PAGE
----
Sustainability – payments and society

When it comes to sustainability, companies are often vocal in their support for environmental change but what about social and governance initiatives? These rarely receive the same level of attention and yet they are an integral part of the equation.

Prompt payment should be seen as a central element of environmental, social and governance (ESG) initiatives. Not only do good payment practices build trust, they are a potential catalyst for businesses to invest in other sustainability efforts.

Intrum’s 2022 European Payment Report shows that business are saying the right thing when it comes to sustainability...

  • Two thirds see timely payments as critical in maintaining trust with suppliers
  • Six out of ten believe payment times should form part of required sustainability reporting
  • More than three quarters (78 per cent) have a code of ethics in place to encourage a prompt payment culture or are planning to implement one

Putting payments philosophy into practice

It is heartening that seven in ten respondents think large businesses have a responsibility to society to ensure that they make their payments to smaller businesses on time.

This figure is relatively consistent across Europe, though Bulgaria, Austria, Latvia and Norway are those least likely to agree. By contrast, Portugal, Serbia, Slovenia and Croatia have higher levels of support for this sentiment.

While 61 per cent say they rarely think about the negative impact they have on small suppliers by paying late, this is lower than it was in 2021 (69 per cent), giving hope for progress.

There were significant differences between European countries on this point. In the Czech Republic, Finland, Romania and Slovakia, more than seven in ten admitted they rarely think about the impact, whereas less than half of respondents in Austria, Bulgaria, Ireland and Serbia said the same.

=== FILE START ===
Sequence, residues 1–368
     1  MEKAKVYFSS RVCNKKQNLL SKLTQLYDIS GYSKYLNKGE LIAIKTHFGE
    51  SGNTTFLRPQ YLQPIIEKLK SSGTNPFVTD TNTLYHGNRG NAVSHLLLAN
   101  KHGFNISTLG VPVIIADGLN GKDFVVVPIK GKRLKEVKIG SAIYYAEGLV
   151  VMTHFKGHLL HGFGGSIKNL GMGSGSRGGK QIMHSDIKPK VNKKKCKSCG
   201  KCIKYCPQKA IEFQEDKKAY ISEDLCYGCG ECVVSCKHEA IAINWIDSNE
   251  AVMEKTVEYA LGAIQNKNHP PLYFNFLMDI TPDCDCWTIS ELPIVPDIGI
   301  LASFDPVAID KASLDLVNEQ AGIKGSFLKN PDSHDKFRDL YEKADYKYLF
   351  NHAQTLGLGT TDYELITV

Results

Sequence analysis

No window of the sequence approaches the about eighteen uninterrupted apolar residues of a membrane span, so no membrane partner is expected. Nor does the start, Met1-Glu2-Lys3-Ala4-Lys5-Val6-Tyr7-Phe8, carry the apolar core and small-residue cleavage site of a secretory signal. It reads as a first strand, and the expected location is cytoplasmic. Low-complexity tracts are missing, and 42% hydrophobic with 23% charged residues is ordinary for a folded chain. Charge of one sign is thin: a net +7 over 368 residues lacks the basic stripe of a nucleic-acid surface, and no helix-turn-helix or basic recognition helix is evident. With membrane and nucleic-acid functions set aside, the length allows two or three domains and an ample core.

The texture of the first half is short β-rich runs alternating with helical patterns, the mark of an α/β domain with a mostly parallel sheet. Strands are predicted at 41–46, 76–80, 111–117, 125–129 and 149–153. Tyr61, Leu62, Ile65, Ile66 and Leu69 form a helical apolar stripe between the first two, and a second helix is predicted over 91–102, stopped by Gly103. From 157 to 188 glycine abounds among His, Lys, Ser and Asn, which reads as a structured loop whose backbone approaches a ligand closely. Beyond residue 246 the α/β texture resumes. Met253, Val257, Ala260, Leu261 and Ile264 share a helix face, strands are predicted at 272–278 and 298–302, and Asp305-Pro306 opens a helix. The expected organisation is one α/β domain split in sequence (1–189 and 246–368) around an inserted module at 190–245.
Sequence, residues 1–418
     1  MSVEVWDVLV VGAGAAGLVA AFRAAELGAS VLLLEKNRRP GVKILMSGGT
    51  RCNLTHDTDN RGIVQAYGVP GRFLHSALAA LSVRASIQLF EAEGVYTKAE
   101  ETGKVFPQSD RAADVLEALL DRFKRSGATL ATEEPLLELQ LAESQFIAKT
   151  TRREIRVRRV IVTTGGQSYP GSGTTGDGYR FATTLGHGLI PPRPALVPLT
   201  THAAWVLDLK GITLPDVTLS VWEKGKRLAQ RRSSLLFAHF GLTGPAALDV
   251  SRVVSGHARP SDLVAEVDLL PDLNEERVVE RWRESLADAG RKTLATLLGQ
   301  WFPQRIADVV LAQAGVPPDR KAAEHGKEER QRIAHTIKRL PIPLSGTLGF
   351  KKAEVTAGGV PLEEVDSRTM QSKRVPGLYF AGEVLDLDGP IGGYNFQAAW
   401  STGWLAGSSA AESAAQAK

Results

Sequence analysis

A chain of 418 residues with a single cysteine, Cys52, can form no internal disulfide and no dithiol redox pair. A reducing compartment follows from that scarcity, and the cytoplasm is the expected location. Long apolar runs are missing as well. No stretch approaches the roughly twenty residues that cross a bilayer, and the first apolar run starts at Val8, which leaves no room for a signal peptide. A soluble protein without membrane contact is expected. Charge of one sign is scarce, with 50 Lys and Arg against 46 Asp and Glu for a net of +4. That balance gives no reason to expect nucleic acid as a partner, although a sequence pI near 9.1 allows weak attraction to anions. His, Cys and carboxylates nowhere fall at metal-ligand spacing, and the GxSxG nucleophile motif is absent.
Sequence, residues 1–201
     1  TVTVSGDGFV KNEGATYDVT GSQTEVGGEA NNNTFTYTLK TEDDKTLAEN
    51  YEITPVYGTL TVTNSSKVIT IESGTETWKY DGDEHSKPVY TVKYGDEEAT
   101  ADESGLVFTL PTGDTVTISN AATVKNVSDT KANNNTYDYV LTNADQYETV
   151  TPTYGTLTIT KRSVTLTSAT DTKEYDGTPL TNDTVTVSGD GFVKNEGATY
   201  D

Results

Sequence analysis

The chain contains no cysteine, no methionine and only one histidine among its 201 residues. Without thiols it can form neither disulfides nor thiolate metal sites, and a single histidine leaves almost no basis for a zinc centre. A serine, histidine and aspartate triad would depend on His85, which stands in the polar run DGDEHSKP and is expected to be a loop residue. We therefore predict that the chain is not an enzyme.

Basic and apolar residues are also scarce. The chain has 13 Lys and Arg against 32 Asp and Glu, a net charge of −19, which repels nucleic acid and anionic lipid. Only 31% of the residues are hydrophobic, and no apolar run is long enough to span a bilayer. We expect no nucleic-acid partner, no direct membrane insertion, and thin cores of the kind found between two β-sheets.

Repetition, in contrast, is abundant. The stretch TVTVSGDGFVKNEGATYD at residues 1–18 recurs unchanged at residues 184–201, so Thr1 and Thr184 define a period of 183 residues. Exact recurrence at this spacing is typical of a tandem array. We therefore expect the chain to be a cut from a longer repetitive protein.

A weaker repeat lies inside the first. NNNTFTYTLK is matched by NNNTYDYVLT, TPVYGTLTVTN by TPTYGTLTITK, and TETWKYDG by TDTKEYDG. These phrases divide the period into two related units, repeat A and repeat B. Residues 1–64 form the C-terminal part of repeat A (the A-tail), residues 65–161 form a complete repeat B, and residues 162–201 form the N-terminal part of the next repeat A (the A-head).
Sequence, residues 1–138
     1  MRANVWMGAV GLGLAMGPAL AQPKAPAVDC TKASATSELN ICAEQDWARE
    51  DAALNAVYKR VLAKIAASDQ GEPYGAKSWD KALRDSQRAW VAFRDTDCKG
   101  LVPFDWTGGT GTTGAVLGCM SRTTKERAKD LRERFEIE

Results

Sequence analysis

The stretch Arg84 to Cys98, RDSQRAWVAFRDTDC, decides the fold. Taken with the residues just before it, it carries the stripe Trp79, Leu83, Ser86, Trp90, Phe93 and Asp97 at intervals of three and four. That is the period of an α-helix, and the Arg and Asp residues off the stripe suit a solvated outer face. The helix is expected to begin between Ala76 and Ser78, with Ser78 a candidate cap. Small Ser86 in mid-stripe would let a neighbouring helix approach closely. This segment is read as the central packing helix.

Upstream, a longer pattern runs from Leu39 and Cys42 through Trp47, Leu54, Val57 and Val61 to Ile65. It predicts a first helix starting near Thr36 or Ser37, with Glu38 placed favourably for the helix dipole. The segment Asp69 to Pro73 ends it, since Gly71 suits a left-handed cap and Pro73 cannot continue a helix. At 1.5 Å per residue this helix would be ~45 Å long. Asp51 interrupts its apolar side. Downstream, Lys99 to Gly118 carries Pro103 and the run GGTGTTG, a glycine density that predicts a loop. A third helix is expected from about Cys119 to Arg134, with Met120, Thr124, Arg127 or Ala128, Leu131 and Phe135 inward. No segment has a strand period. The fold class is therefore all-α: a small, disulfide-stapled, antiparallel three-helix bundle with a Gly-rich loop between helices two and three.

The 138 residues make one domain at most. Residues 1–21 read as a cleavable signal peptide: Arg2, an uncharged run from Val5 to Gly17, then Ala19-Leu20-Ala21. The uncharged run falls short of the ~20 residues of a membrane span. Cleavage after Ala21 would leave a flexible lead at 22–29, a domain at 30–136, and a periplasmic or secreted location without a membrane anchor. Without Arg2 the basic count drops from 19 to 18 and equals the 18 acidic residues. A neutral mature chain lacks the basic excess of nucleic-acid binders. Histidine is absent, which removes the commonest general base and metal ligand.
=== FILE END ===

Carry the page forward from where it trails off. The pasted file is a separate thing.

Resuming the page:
Yet even those with good intentions aren’t necessarily translating them into daily practice. Despite the majority belief that companies have a social responsibility to pay smaller suppliers on time, a third (33 per cent) admit to paying their own suppliers later than they would accept from customers, up from 29 per cent in 2021. 

Businesses are talking the talk when it comes to prompt payment, but many are not following this up with good practice. There is definitely room for improvement, particularly from large corporates to smaller suppliers, for whom late payment can have a major impact.
Vanessa Söderberg, Global Sustainability Director

Customer discrimination rising up the agenda

There is also growing recognition of the need to address potential incidents of customer discrimination, such as discrimination on racial or social background.

Klarna’s Jan Hansson describes how his business has strict internal policies in place around anti-discrimination. “Our due diligence procedure, where we review the send-outs and the processes regarding vulnerable customers, and the feedback of complaints to Klarna, is very thorough. It’s even more important when we send claims to debt collection, due to the stigma around that, so we have high requirements for the collection agencies that we work with,” he says.

Unethical practices among commercial teams preoccupy business leaders: 46 per cent worry that they cannot be completely sure their sales teams aren’t discriminating in some way. A similar number of respondents expect scrutiny to rise in this area.

Leaders now need to look at every part of their businesses through an ESG lens. In the context of payments, there is a clear ethical requirement for businesses to support their supply chains, settling their accounts with smaller suppliers as quickly as possible. How businesses treat their struggling customers will also come under greater scrutiny.
Intrum's President & CEO, Anders Engdahl

Download the full report

The insights from this article are based on the European Payment Report 2022. You can download the full report below.